Overall, earlier welfare-to-work studies showed positive, but small impacts on employment and welfare receipt—common program features that may be related to these results included job search supports, time limits, and financial incentives. 

    Following welfare reform, the federal government continued to fund experimental studies examining approaches to improve the impacts of welfare-to-work programs. Many of these studies showed limited or mixed results. The Employment Retention and Advancement Project (ERA), 1998-2011 evaluated strategies to promote employment retention and advancement among welfare participants and low-wage workers. It assessed 16 approaches in eight states. It found that earning supplements combined with employment services may have positive earnings results, but did not find positive results for programs that combined work and education. The Enhanced Services for the Hard-to-Employ Demonstration and Evaluation, 2001-2012 assessed the effectiveness of programs designed to enhance employment outcomes for current or former TANF participants and other low-income parents who have demonstrated difficulty entering and sustaining employment. It assessed four sites, each targeting different populations—from TANF recipients to ex-offenders, and Medicaid recipients. The studies had mixed results—subsidized transitional jobs did not show long-term impacts on employment or earnings; one program focused on TANF recipients with disabilities showed some positive earning impacts.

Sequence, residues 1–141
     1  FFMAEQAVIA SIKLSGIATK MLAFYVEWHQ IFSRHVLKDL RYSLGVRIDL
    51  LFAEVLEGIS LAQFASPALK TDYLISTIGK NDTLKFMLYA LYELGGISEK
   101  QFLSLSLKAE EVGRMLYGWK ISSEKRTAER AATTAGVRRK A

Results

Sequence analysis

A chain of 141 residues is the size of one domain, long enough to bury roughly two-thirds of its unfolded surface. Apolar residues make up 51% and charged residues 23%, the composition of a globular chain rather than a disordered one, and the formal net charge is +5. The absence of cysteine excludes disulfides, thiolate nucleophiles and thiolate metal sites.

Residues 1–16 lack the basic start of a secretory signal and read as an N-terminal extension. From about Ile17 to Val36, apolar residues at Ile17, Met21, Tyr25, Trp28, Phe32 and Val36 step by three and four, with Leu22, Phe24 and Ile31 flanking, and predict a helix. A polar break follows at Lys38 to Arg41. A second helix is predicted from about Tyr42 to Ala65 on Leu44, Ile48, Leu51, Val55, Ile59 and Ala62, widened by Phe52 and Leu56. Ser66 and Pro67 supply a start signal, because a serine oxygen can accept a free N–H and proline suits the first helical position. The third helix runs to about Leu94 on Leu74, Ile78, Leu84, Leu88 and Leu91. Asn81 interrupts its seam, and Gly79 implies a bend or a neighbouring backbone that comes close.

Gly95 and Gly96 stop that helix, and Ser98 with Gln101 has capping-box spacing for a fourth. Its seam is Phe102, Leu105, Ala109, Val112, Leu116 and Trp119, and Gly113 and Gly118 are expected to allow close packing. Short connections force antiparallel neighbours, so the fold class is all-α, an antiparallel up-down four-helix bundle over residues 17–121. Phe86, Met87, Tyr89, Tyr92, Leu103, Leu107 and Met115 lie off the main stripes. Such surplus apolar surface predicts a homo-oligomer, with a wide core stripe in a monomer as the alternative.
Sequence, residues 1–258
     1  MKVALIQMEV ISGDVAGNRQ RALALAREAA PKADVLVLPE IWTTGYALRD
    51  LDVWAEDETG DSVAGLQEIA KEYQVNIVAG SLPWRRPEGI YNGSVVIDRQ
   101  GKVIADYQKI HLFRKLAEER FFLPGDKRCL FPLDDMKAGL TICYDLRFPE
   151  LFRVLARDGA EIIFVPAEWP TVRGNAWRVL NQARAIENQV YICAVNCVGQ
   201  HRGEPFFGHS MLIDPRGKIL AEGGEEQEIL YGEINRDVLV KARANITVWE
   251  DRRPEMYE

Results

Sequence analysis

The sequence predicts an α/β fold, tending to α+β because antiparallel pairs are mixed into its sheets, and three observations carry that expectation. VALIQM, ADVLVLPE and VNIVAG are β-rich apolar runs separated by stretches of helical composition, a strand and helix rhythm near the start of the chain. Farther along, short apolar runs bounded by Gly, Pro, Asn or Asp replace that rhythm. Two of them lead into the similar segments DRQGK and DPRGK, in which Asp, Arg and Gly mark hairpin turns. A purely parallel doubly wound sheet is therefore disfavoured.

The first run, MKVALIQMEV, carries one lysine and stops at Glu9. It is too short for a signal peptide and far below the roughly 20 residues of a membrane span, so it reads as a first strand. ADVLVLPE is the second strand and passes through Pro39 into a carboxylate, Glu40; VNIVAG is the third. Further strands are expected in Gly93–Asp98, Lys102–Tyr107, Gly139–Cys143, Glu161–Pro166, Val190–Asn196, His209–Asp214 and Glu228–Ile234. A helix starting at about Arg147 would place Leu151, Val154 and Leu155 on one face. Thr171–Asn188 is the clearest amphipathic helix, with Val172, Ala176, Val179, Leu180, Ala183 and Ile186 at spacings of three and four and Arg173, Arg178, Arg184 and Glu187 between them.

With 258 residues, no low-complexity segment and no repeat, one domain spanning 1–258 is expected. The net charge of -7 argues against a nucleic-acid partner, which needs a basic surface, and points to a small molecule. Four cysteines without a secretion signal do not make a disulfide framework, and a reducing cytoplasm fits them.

Today, ongoing studies continue to test what works in welfare-to-work programming. Several focus on career laddering initiatives that seek to move participants into better paying jobs and sustained self-sufficiency. Some assess the intersection and coordination between different, but overlapping human service systems. Still others are testing enhanced case management and supportive interventions to build participant capacity and promote job retention. Few, however, have focused on various sub-populations of TANF participants, including those with specific barriers or children. Few early studies also included implementation analyses to more fully discern how various program features were executed and why. While there continue to be gaps in our understanding of welfare-to-work initiatives, larger policy and research questions have also arisen. Some suggest that a broader focus on TANF evaluation is in order. With only a small portion of today’s TANF funds being used for cash assistance programs—what are the impacts TANF funds have in supporting other programs that serve needy families and children?   

    Learn more about welfare-to-work from the SSRC:

    The SSRC Library contains numerous reports and stakeholder resources about welfare-to-work, including:

    For more resources, check out the SSRC Library and subscribe to SSRC or follow us on Twitter to receive updates about upcoming events, new library materials on self-sufficiency topics of interest to you and more. 

  • Individual Author: Neumark, David